The most recent step was the issuance of the Capital Rule, which says that these entities are going to have to hold something like $280 billion of capital, and today they have $30 billion of capital.

On December 9th, the Supreme Court is hearing a case as to whether the government's expropriation of these companies was legal. That's a really interesting – you'll get some interesting data on how the Supreme Court feels about it. It's a more conservative court now, because of recent appointments. Conservative courts done like expropriation of private companies, so there's a big opportunity there.  

And then it's the last two months of the Trump Administration, Mnuchin we think will want to finish the job. If either of those two outcomes happen, either way, what is today a $2.50 stock could be a $10 stock in a very, very short order. And even Biden, if neither of those two things happen, the Supreme Court does not rule in favour and Mnuchin is too distracted with other things in the Trump White House to do anything, we still think the next administration will continue on the path of bringing these companies back to the public market.  

So it's sort of an interesting special situation with a very attractive reward, trading, you know, maybe something slightly above our costs seven years ago, so it's an investment that has not panned out yet. And as I say, we're super long term, but, you know, it's the only thing in the portfolio that could be up four, five, six times in the next 12 months. So that's the more exciting part of the portfolio.

Actually, the Head of the – I heard he passed away recently – described that situation as the Head of the Wellcome Trust's CIO – he said, “oh, is that the sex and violence part of the portfolio?” And I said, well, that's an interesting way to describe it.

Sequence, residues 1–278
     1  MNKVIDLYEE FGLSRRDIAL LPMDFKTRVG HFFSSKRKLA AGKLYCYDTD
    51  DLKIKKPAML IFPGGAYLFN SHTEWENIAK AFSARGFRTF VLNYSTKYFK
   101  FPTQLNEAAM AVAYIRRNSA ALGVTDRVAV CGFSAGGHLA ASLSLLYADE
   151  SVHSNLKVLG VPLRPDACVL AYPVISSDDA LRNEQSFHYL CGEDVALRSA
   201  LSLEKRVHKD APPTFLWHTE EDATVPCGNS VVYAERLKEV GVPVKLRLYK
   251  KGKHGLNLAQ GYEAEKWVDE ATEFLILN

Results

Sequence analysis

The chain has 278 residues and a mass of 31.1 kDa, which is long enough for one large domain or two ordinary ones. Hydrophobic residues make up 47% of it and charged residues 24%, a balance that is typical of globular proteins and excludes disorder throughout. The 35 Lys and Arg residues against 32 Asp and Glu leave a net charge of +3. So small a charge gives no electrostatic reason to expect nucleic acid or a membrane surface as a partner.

Lee Wild:    

Well, it is fascinating stuff, Bill, and we'll watch that one closely.  Bill Ackman, Pershing Square Holdings, thanks very much for joining me today.  

Bill Ackman:    

Thank you so much, appreciate it.
*Shares of Fannie Mae and Freddie Mac are currently traded what’s called Over the Counter (OTC). This means you can't buy them on a major public stock exchange. 

Bill Ackman, who runs his London-listed Pershing Square Holdings (LSE:PSH) investment vehicle, owns the two stocks in his portfolio.

These articles are provided for information purposes only.  Occasionally, an opinion about whether to buy or sell a specific investment may be provided by third parties.  The content is not intended to be a personal recommendation to buy or sell any financial instrument or product, or to adopt any investment strategy as it is not provided based on an assessment of your investing knowledge and experience, your financial situation or your investment objectives. The value of your investments, and the income derived from them, may go down as well as up. You may not get back all the money that you invest. The investments referred to in this article may not be suitable for all investors, and if in doubt, an investor should seek advice from a qualified investment adviser.

Full performance can be found on the company or index summary page on the interactive investor website. Simply click on the company's or index name highlighted in the article.